In a classic risk-off scenario, where margin selling is rampant and equity prices are falling sharply, there is very likely to be contagion, so equities worldwide will decline. We are very likely to see Treasuries, Bunds and Gilts in demand, with yields there declining sharply. However, I would expect that the sovereign debt of the PIGS nations will more likely follow the equity market than Bunds, so spreads will widen. Commodity prices will come under severe pressure as this will be seen as a precursor to a recession. And the dollar will rise sharply vs. its EMG counterparts as well as the commodity bloc of the G10. JPY and CHF are both likely to do very well while the enigma is the euro, although my sense is the single currency would decline, just not as aggressively as, say, SEK. We are not at that point but be aware that the current market setup is such that the opportunity for a move of that nature is quite real. If you read Mark Buchanan’s terrific book, Ubiquity, you will recognize the “fingers of instability” described there as being present in every market. It just seems that those fingers are more prevalent currently. (If you haven’t read the book, I cannot recommend it highly enough.)
Ok, let’s take a tour of markets today. Yesterday’s late day US equity decline saw a continuation in Tokyo (Nikkei -0.65%) although the Hang Seng (+0.55%) managed to rally while Shanghai (-0.1%) was roughly flat. I believe HK benefitted from the word that China was going to force the tech companies listed in the US to delist likely driving them to the HK market. Europe, too, has been following that late day sell-off with the DAX (-1.3%) leading the major exchanges lower, followed by the CAC (-1.0%) and FTSE 100 (-0.8%). However, US futures are all pointing higher led by the DOW (+0.9%) as it seems two down days in a row are enough.
Perhaps not surprisingly, the bond market is behaving in a split fashion as well, with Treasury yields (+3.4bps) rising while European sovereigns (Bunds -1.2bps, OATs -2.0bps, Gilts -1.4bps) all slipping as risk is shed on the Continent.
The rebound thesis is alive and well in oil markets with WTI (+0.4%) edging higher, although it is off its early session highs. NatGas (+0.15%) is a touch firmer while precious metals are mixed (Au -0.3%, Ag +0.4%). Mixed also defines the industrial space with copper (+0.5%) doing well while aluminum (-0.6%) is under a bit of pressure. One thing that is universal today, though is the ags, all of which are higher by between 0.5% and 1.5%.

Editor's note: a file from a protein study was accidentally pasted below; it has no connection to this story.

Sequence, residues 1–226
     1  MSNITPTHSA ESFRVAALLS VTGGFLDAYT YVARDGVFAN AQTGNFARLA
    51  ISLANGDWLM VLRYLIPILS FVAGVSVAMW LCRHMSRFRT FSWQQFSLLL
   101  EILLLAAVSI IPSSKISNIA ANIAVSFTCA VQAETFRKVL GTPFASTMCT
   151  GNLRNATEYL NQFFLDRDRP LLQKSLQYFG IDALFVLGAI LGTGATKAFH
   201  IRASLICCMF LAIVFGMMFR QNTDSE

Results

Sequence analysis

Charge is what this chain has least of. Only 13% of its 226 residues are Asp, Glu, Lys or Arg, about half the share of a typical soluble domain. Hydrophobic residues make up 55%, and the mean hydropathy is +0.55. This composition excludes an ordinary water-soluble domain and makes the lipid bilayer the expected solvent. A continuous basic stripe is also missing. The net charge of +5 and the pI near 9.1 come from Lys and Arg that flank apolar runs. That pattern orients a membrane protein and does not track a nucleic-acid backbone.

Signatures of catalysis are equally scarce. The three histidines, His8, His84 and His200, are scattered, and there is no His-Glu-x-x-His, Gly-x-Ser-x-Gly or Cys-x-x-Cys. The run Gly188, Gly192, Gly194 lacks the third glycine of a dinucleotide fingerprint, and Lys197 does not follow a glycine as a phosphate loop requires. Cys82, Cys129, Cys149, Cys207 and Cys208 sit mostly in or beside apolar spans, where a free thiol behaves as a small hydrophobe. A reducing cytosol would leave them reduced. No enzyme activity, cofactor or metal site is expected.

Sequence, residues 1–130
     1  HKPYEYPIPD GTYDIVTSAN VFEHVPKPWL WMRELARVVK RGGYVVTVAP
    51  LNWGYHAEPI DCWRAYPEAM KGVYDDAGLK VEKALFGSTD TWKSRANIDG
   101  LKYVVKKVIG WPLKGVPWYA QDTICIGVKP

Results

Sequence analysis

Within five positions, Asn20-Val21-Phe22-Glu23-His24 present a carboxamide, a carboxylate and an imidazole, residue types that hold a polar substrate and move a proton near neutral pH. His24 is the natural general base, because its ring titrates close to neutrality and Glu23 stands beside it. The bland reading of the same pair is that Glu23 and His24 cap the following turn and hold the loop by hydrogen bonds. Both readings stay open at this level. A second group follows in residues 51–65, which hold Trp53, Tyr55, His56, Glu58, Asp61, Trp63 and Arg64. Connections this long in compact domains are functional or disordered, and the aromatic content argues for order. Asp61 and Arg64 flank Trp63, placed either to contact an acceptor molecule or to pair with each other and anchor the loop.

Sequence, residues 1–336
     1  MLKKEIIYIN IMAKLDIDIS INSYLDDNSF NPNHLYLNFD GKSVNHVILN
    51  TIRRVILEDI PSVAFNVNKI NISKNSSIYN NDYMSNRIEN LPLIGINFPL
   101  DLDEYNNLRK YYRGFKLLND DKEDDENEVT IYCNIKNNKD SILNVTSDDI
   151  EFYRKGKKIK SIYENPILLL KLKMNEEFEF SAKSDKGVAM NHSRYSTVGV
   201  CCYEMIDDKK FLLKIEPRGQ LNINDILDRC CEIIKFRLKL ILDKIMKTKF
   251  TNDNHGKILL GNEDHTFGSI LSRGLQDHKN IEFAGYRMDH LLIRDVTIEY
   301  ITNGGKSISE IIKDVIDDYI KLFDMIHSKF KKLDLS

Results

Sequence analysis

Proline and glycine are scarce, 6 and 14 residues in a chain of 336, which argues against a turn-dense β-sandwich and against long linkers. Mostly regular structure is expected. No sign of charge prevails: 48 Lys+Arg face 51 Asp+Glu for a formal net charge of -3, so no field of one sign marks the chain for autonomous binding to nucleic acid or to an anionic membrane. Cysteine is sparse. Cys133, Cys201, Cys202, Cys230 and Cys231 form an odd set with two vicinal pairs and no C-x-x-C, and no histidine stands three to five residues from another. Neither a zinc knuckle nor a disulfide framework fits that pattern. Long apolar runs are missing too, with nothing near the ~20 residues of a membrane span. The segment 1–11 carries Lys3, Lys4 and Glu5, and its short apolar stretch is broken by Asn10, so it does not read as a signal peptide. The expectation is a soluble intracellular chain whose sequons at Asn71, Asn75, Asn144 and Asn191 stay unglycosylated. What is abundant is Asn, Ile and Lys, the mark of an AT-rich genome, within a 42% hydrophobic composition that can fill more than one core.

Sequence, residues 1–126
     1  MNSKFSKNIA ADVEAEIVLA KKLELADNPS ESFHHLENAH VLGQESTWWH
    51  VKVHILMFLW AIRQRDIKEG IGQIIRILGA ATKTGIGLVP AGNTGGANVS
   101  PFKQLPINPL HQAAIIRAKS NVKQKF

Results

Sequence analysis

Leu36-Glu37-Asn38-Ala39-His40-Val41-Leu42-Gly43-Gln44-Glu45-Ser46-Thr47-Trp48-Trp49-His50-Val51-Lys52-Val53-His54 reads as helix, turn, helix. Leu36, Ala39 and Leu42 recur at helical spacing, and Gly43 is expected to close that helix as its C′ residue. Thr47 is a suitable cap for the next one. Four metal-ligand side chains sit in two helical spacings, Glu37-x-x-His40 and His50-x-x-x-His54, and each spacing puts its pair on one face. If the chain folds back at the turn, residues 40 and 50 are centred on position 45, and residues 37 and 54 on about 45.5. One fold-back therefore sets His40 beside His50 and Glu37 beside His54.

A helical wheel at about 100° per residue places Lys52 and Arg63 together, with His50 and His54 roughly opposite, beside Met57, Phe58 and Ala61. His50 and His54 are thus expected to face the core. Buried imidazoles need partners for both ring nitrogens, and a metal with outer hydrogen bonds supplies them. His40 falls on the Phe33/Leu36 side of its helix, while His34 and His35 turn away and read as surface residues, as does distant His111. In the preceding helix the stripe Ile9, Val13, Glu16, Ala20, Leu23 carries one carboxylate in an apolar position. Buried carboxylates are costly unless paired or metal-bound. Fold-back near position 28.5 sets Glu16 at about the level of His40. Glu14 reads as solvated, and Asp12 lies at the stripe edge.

Finally, mixed describes the dollar as well, with half the G10 rising and the other half falling on the session. NOK (-0.35%) is the laggard, while GBP (+0.3%) is the leader. However, given the relatively modest movement, and the lack of news or data, there can be many things leading to these movements. In the EMG bloc, ZAR (+1.1%) is the leader despite (because of?) the omicron variant spreading so rapidly there. Information on the issue of omicron’s impact remains very difficult to come by, but the market appears to be taking the stance that it will not be a very big deal as the rand has rallied 3.5% from its lows seen last week when the news first hit. Away from that, RUB (+0.7%) and MXN (+0.7%) are the next best performers although both are outperforming their key export, oil. On the downside, TRY (-1.2%) continues to fall with no end in sight. Yesterday, President Erdogan sacked his FinMin and replaced him with a new, more pliant deputy, in order to be certain the central bank will continue cutting interest rates in the face of quickly rising inflation. This currency has much further to fall. Away from this, the decliners have been far less impressive led by THB (-0.4%) as local traders see concerns over the impact of the omicron variant.
On the data front, Initial (exp 240K) and Continuing (2003K) Claims are on the docket as all eyes turn to tomorrow’s NFP report. Yesterday’s ADP data was right on expectations which will give comfort to those looking for 545K in the NFP tomorrow.
Bostic, Quarles, Daly and Barkin take the stage today on behalf of the Fed and I would expect to hear more about a faster taper from all of them as this is clearly the new message. Looking at the dollar with all this in mind, it still appears to be following the 10-year trade more than the 2-year trade. As such, if the curve continues to flatten, I would look for the dollar to continue to consolidate its recent gains.
One last thing, I will be out tomorrow so there will be no poetry. However, my take is the NFP data is likely to be in line with expectations so not have much impact overall.
Good luck, good weekend and stay safe